It's a tiny thing, after all. A little callus on the thumb, a little path worn through the garden ... the visible tokens of the concessions we make every day to plug a malleable soul into the life its fleshy prison shambles through. Most of the time, one only notices the smallness of one's niche within the range of human experience in the face of some jarring contrast. I caught myself in a bit of that the other day, and when I stepped back to examine it, it struck me kind of funny. We use a Jabber installation for internal IM, to which I connect along with various other services with Pidgin. My normal m.o., to keep my screen uncluttered, had been to shut down chat windows awaiting a pending response, counting on my correspondent to pop it open when and if they answer and I need to pay attention to it again. Jabber, as one can see, gives one's correspondent a rather brusque message that sort of thing is done. "Left the conversation"! Just imagine excusing yourself from a tiresome party encounter with a line like that. (Don't think I haven't imagined.)

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Projecting Credibility on a Website

What makes someone hitting your web page stick around, join an e-mail list, forward to a friend? This Slideshare presentation makes clear that design and content both play crucial roles in creating (or undermining) an appearance of credibility on a website. The research here is much deeper and could be of particular interest for anyone involved in a redesign ("Websites lose credibility whenever they make it hard for users to accomplish their task at hand"), but here are a handful of top-level takeaways of use for any nonprofit whatever their web presence or expertise:
  • Show your physical address -- proving the existence of a real organization that stands behind the site.
  • Don't link to non-credible outside sites ... but do link to source material for your claims, showing confidence in your positions.
  • Update often.
  • "Small errors like misspellings and broken links hurt a site's credibility more than most people imagine."

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Tuesday Tips: A Dozen Tips for Sprucing up Your Website

(Susan Finkelpearl of former DIA roommates Free Range Graphics has this week's Tuesday Tips entry on a little spring cleaning for the web site. This post is also available as a .pdf, and will be one of her handouts at the Nonprofit Tech Conference this week. We could probably stand to take note of a few of these tips ourselves ... thanks, Susan! -jrz)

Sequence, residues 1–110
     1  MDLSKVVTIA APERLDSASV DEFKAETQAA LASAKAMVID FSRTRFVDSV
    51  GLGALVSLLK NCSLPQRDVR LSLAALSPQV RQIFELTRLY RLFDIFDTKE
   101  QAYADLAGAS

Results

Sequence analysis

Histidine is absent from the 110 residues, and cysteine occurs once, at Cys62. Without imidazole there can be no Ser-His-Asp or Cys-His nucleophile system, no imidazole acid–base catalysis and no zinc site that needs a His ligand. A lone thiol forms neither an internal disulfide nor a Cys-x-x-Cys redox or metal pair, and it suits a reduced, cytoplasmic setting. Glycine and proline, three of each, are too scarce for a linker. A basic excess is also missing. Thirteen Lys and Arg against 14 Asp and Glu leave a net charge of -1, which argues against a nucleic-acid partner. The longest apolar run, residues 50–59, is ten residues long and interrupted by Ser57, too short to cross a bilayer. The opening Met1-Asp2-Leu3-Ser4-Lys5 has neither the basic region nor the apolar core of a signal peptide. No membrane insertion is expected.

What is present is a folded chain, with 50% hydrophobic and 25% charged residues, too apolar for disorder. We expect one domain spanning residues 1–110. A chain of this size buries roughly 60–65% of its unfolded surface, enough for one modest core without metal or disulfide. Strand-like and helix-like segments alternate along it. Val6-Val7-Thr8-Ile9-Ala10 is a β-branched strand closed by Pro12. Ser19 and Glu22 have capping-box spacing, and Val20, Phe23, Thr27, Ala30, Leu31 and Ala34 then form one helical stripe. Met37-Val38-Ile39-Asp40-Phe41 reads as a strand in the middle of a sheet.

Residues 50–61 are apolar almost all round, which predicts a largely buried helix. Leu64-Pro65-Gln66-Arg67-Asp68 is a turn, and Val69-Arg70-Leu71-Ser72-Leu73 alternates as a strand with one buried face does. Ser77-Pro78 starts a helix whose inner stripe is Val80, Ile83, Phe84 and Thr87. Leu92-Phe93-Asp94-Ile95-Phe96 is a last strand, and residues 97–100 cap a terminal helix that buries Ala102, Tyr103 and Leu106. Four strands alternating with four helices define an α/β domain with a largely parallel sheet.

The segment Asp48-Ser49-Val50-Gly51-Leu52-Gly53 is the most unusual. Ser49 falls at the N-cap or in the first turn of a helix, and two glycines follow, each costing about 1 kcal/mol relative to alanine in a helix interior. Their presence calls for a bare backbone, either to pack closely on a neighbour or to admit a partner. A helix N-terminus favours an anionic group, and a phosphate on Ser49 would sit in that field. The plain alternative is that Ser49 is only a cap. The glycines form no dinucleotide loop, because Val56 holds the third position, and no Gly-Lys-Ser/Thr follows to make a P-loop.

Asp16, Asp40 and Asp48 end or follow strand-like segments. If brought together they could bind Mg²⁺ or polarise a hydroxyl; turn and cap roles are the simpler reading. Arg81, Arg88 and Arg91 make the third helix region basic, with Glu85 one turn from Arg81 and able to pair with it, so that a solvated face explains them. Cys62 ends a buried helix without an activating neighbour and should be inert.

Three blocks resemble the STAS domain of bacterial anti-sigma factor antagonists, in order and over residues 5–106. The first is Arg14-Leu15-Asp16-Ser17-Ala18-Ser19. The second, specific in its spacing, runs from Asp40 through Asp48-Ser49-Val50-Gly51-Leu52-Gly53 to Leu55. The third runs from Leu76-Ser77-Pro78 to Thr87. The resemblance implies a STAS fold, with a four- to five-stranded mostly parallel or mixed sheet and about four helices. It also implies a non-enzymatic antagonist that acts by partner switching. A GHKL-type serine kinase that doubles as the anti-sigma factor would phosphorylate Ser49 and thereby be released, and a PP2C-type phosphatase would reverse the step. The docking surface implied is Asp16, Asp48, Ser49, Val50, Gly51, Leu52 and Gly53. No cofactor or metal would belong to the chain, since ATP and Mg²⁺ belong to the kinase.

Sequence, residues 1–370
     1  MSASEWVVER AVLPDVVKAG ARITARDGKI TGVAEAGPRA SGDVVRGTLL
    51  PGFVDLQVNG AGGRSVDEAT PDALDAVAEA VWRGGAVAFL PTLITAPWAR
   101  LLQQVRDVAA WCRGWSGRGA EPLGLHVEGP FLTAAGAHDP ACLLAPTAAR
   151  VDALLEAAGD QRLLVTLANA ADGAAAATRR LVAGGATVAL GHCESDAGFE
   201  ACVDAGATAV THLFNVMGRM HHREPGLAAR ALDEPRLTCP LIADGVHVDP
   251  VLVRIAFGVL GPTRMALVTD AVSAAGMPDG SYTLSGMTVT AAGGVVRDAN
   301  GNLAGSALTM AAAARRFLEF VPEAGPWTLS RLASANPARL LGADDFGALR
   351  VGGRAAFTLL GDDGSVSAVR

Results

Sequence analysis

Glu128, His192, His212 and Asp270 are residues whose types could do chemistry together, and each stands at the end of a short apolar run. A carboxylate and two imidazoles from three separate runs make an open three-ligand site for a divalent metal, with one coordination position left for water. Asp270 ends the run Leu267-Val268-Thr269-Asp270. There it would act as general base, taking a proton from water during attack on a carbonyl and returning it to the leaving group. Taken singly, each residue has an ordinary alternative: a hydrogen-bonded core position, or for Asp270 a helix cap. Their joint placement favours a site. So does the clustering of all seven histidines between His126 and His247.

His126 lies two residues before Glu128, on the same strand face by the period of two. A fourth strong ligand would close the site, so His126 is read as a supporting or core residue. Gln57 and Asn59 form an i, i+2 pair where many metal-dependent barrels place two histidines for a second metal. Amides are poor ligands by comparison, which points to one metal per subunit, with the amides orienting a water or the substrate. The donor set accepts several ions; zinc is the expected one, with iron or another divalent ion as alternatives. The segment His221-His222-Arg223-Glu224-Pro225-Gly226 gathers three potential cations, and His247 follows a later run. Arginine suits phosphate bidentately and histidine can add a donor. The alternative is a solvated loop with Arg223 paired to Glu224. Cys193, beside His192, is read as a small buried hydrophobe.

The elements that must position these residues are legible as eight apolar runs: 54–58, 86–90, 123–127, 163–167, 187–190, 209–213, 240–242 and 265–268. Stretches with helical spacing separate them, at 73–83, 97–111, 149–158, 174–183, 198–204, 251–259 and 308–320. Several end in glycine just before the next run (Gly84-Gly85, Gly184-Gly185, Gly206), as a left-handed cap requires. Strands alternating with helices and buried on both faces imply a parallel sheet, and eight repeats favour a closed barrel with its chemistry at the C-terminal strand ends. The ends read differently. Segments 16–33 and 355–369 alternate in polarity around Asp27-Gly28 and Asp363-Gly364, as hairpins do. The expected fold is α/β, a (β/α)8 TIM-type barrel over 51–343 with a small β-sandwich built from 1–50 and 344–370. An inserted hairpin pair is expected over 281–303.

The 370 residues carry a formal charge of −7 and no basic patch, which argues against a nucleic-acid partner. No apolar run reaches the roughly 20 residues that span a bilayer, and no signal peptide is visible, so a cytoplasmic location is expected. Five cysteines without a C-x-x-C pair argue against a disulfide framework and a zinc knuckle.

Have you given your website some design love lately? Here are some fast tips for taking your site to the next level. 1. Don’t forget the fold. Just as old-fashioned newspapers have a fold line, if a web page gets too long, people will have to scroll to see all of the content on the page. When designing your home and interior pages, make sure to put important items such as news features, donate buttons, and e-newsletter sign-ups above the fold, where they can be seen easily. 2. Be a creative conformist. The web works because key site elements appear in consistent locations across all well-designed web sites. While you want your website to have a look and feel that is unique to your organization, make sure you also follow design conventions. For example, people have come to expect that search bars be placed in the top right of a webpage while logos are most often in the top left position. Nine times out of ten you should stick with these conventions. Groups like Amazon play with these conventions, but again it’s generally wisest to plunk key navigational elements where people expect to see them. 3. Make your asks contextual. Don’t let isolated "donate buttons" do all the fundraising legwork on your site. Work donation asks into areas where you are telling the most compelling stories about your accomplishments. 4. Let thy people donate! When someone does click a donate button, reward them immediately with a donate form. Don’t make them click more or wade through a lot of copy before letting them help you. In fact, it’s highly recommended that the form be the default first page of your donate section.

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Get $15,000 in Communications Services from Free Range's Gratitude Grant

Our friends (and former landladies and -lords) down the way at Free Range Graphics are offering Gratitude Grant(s) for compelling progressive causes. Free Range -- the brains behind such design/marketing brilliance as The Meatrix -- tantalizes with the prospect of:
up to $15,000 worth of our communications services from our menu of core offerings: strategic communications consulting, organizational identity, print design, web design and Flash animation. Need to rally activists around an issue or capture critical media attention? Modernize your logo? Chart out an online fundraising strategy? As long as you have a concrete goal and a mission that makes a positive difference for our planet and its people, we encourage you to apply!